The Canadian Dream: Recruiters sell Nova Scotia to U.K. doctors
Nova Scotia booth draws significant interest at London physician job fair
In a large hall in London's busy Islington borough, physician recruiters from around the world set up creative displays in an attempt to stand out.
Right smack dab in the middle of the room, a large Nova Scotia flag hangs proudly.
Dr. Toyin Odunuga, a general practitioner in England, is having an enthusiastic conversation with Dr. Simon Bonnington, a member of Nova Scotia's recruiting team.
"As you know in any career, there's work-life balance. I am currently more in work-work balance," explains Odunuga.
The pressures of her current job have left her yearning for adventure and a fresh start. The lure of Nova Scotia is now so strong, she's considering picking up and leaving the country she's called home nearly her whole life.
"I need to speak to family," she says. "I need to sit down and seriously think about it."
Odunuga is one of an estimated 1,700 physicians and medical students who've descended on the BMJ Careers Fair, looking for their next career move.
CBC News attended the event this past weekend as part of its ongoing series, The Search, which takes an in-depth look at Nova Scotia's doctor shortage.
With the province clamouring for new doctors, the career fair is seen as a significant opportunity to lure doctors across the ocean. But in order to do so, the six-member recruitment team has to stand out against more than 80 exhibits.
They spend the entire weekend on their feet.
"We've had interest from family docs, we've had interest from various specialties. I'm quite encouraged by this," says Dr. Maria Alexiadis, a Halifax-based physician who is now the head of family practice in the Nova Scotia Health Authority's central zone.
It's her first time representing the province at a recruiting fair.
"You need physicians to recruit physicians," she says of her role on the team. "I think Canada is a place that people want to go to — especially Nova Scotia when we tell them that it's only six hours from home, if home is London."
Bonnington, perhaps the province's biggest imported cheerleader, spends the weekend sharing his experience of moving to Annapolis Royal from England eight years ago.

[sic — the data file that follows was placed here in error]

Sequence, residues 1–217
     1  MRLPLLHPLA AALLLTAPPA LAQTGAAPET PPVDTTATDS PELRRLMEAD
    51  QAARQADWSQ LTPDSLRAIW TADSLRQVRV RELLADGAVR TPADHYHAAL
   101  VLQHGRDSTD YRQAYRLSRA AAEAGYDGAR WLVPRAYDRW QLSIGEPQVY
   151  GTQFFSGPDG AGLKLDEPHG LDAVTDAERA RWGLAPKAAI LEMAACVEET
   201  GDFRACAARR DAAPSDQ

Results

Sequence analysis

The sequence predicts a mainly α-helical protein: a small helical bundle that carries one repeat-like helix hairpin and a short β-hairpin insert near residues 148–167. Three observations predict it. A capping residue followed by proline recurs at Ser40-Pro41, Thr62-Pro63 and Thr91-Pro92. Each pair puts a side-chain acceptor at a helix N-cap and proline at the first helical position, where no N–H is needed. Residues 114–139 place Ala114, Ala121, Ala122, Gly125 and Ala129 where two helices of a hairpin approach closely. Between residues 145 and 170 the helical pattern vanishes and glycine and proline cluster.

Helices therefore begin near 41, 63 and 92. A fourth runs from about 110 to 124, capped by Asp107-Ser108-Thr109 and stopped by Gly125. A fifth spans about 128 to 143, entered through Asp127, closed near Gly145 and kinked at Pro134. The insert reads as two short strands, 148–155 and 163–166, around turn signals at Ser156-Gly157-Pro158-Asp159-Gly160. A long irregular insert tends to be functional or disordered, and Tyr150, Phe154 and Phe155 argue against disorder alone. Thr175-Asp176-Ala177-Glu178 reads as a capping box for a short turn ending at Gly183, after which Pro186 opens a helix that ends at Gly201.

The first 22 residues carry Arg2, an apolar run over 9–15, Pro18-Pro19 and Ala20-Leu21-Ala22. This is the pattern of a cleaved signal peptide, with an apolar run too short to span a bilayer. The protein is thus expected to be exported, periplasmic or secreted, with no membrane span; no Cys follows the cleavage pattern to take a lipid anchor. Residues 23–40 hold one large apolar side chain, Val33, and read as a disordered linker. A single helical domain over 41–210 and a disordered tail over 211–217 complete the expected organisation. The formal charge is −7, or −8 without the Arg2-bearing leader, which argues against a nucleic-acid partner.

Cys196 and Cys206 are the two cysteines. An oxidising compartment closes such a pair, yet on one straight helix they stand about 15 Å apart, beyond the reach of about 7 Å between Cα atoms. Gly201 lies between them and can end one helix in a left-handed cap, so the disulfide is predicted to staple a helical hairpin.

He hands out coasters and buttons that he's made advertising his positive experience.
"We are now taking steps in the right direction," Bonnington says of the province's recruitment effort. "To be actively going to recruitment events like this ... it's a great opportunity."
The fair is a big investment for Nova Scotia. Participation alone cost just shy of $20,000, not to mention the cost of sending two physicians, two recruiters and representatives from the College of Physicians and Surgeons of Nova Scotia and the provincial immigration office.
The hope is that investment will pay dividends.
Last year, the province's attendance led to the recruitment of 14 physicians, says Bonnington.
This year, the team has come armed with a new advantage: in February, the province announced a new immigration system specifically for qualified physicians. It means their immigration paperwork can be processed in days, rather than months or years.
For Dr. Kate Clorley, that's a big bonus.
Clorley and her husband dream of raising their young daughter in a community along Nova Scotia's coastline. They've visited Canada on several occasions and find the slower pace appealing.
"I'm looking forward to coming on a site visit once I've got my eligibility sorted, to see some of the communities and have a think about whether we want to go rural or maybe suburban," she says.
Through the weekend, the six Nova Scotian representatives are swamped with interest. They have lengthy conversations with nearly 180 people who registered their information for follow-ups. Of that total, 157 are physicians while another 18 are students or residents, including Alan Davidson.
Davidson is finishing his training in emergency medicine in Glasgow, Scotland. He made the trek to London specifically to learn more about working in Canada. The Nova Scotia booth caught his eye.
"I think a lot of people are realizing there's a lot more to life than work," he says.
"In terms of Nova Scotia themselves, they seem to sell themselves as a part of the country that is friendly and accessible."